Tony Raffaele: I'd look at the forecast starting three days before, and if there was any chance of rain the car didn't go out. The underside has never gotten wet. And we always kept it clean and waxed so it never even needed to be washed. I had a special pass for the Allegheny County Airport, and I used to go there to buy high-octane aviation fuel for the car. It really was a perfect car. I never had any trouble with it, and the only thing I had to replace were the original Uniroyal tires, which wore out after only 6,000 miles. I replaced them with Firestone Wide Ovals, and they were much better. We always had other cars, so we only used the Grand Prix for pleasure drives, and we both got so busy with our careers by the late 1980s that we stopped using it altogether. We put it on jackstands, covered it, and enjoyed just looking at it. I wanted to park it in our living room, but my wife wouldn't let me!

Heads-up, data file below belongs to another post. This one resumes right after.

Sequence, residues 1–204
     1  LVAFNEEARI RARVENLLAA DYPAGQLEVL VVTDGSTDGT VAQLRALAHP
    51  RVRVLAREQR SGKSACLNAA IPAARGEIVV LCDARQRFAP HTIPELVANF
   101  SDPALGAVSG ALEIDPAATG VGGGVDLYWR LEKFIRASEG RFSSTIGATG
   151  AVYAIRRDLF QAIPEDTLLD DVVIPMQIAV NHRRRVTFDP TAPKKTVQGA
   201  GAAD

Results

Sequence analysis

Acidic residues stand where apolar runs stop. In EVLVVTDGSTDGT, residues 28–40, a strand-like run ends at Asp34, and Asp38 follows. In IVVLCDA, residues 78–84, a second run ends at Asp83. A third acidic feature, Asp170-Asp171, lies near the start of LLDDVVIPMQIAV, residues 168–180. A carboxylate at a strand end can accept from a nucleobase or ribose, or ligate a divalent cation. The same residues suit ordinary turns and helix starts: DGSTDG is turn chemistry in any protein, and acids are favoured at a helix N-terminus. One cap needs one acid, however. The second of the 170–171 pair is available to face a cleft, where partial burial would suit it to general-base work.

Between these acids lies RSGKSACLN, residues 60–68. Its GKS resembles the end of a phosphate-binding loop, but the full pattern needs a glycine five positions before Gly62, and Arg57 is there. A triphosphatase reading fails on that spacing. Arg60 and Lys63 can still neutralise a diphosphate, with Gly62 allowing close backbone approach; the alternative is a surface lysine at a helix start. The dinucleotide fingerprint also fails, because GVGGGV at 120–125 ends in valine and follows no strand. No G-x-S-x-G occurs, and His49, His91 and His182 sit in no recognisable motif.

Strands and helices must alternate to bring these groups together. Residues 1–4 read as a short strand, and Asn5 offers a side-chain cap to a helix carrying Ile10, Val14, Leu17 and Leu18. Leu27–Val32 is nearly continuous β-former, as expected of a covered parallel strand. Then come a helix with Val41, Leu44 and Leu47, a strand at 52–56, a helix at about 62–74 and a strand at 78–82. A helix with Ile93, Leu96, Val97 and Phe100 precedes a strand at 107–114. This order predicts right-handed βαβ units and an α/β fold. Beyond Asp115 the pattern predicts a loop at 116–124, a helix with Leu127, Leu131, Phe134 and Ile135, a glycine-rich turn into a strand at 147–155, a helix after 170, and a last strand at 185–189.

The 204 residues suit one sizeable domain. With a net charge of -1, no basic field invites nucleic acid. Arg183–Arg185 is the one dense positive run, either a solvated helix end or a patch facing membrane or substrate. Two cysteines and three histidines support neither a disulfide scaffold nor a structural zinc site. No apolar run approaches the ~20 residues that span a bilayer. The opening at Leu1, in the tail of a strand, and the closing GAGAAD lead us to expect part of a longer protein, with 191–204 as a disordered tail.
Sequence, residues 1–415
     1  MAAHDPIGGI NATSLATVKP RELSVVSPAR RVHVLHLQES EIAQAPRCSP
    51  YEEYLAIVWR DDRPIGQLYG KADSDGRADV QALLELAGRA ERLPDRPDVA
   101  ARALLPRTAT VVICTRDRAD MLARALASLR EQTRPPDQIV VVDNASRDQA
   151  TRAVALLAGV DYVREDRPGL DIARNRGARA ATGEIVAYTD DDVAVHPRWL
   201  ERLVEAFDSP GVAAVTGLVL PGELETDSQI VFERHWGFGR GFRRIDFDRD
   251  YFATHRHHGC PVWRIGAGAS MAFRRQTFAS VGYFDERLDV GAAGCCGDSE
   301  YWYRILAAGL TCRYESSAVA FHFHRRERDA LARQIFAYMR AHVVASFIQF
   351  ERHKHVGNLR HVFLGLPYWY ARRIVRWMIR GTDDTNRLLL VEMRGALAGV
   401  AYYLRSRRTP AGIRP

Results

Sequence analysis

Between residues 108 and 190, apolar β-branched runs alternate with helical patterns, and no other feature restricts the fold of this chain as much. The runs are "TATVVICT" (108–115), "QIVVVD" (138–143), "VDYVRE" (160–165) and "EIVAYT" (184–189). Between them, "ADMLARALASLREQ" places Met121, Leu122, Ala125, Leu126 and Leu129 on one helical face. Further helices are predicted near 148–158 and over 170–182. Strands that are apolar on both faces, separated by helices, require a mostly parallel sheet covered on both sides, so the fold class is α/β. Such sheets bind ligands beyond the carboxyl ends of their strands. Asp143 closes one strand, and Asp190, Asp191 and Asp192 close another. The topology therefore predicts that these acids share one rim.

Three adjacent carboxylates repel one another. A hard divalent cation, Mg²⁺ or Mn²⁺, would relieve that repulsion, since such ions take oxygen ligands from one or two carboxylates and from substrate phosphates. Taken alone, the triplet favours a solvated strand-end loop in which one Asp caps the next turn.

Pat Raffaele: A few years ago we were moving to Florida and decided we would sell the car if we found someone we thought would preserve it and take care of it the way we did. That was very important to us.

Tony Raffaele: We knew Andy Gould was the right person. When he looked at the car I could see all the hairs on his arms stand straight up. I thought he was going to cry! Scott Mancini is the same way with the car. When I saw the photo from Scott's wedding, of Scott and Andy in matching brown suits, standing next to the car, it looked like the two of them married the car! Of course we miss it, but we know it's in good hands now, and will be preserved and loved for many more years to come!